Romance Languages
French at Wesleyan

If you are coming to Wesleyan with the intention of taking French classes, you have probably already been exposed to (or are drawn to) the attraction of French and Francophone literatures, ideas, and cultures. Such a lure remains the primary reason why students have majored in French at Wesleyan.  Nonetheless, Wesleyan students who have completed the major in French studies have often asked about the usefulness of French after finishing university.
We would ask you to consider the following:

* French is the only language other than English spoken on five continents; one finds French from Africa to the Pacific, from Quebec to Louisiana, from Europe to the Caribbean.
* French and English are the only two global languages .
* French is, along with English, the official language of:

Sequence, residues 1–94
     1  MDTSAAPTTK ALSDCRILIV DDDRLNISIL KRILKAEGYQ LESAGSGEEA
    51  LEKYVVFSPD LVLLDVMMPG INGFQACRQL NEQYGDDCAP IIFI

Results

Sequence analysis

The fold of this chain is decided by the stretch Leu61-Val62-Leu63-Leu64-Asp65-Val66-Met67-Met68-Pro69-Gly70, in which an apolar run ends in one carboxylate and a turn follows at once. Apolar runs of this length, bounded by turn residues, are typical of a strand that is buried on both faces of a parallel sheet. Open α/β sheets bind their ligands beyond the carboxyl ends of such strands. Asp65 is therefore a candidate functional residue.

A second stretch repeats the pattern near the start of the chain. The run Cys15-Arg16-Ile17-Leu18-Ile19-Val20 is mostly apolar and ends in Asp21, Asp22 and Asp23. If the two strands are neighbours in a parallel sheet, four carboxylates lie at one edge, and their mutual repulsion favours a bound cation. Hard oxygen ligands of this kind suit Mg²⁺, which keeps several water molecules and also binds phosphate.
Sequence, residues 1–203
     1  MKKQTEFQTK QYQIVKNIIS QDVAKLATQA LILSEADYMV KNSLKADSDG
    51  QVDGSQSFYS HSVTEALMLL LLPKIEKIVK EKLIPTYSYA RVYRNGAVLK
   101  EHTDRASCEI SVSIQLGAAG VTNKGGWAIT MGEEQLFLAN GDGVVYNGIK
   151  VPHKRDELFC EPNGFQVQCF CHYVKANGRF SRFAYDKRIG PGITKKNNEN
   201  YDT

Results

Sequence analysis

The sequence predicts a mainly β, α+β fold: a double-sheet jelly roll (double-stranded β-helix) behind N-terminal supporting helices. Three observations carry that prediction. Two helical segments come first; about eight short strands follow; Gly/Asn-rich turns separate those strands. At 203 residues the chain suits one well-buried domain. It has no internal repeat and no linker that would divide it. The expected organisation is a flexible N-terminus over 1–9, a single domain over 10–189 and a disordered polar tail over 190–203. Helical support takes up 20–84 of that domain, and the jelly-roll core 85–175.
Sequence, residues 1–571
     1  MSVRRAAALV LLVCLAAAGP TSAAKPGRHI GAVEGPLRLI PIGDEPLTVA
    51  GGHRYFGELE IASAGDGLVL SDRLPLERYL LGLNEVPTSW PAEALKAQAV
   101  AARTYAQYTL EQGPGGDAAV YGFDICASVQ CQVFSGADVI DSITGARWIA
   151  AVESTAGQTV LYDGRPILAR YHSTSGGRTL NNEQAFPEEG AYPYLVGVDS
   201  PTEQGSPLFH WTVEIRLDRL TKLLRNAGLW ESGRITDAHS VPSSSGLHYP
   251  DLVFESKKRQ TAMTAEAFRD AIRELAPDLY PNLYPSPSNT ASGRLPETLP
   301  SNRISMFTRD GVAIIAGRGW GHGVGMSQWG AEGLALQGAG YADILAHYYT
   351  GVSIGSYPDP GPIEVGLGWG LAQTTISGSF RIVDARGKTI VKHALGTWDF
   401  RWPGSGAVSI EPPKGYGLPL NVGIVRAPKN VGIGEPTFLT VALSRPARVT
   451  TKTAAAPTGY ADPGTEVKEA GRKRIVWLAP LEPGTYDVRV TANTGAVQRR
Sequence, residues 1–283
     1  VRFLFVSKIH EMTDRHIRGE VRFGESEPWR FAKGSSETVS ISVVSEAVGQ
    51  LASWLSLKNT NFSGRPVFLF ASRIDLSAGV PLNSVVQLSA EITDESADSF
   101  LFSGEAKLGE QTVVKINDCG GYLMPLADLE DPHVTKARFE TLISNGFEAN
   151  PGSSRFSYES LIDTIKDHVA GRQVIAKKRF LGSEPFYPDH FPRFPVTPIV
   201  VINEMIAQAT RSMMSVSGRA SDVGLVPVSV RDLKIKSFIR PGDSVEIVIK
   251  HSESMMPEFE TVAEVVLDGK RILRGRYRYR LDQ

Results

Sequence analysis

- the United Nations
- UNESCO
- NATO
- Organization for Economic Cooperation and Development (OECD)
- the International Labor Bureau
- the International Olympic Committee (scores are given in French first!)
- the 31-member Council of Europe
- the European Community
- the International Red Cross

* In recent years, the U.S. has been the largest direct investor in France
* Similarly, France has been one of the three largest investors in the U.S
* French companies employ approximately 650,000 Americans
* One example of the importance of French can be seen in a recent listing of international jobs (11/11/03) distributed by the US State Department: 172 required or preferred French, 74 a UN language (Arabic, Chinese, English, French, Russian, and Spanish), 59 Spanish, 16 Portuguese, 15 Arabic, 13 Russian, 7 Chinese, 6 German, other 4.
* French is the foreign language spoken by our largest trading partner (Canada); the province of Québec is, by itself, the fifth largest trading partner of the United States with over $104 billion in trade in 2000.

Much of the information contained above courtesy of Richard Shryock.
© 2004 Richard Shryock
Virginia Polytechnic Institute and State University
(Virginia Tech)http://www.fll.vt.edu/french/whyfrench.html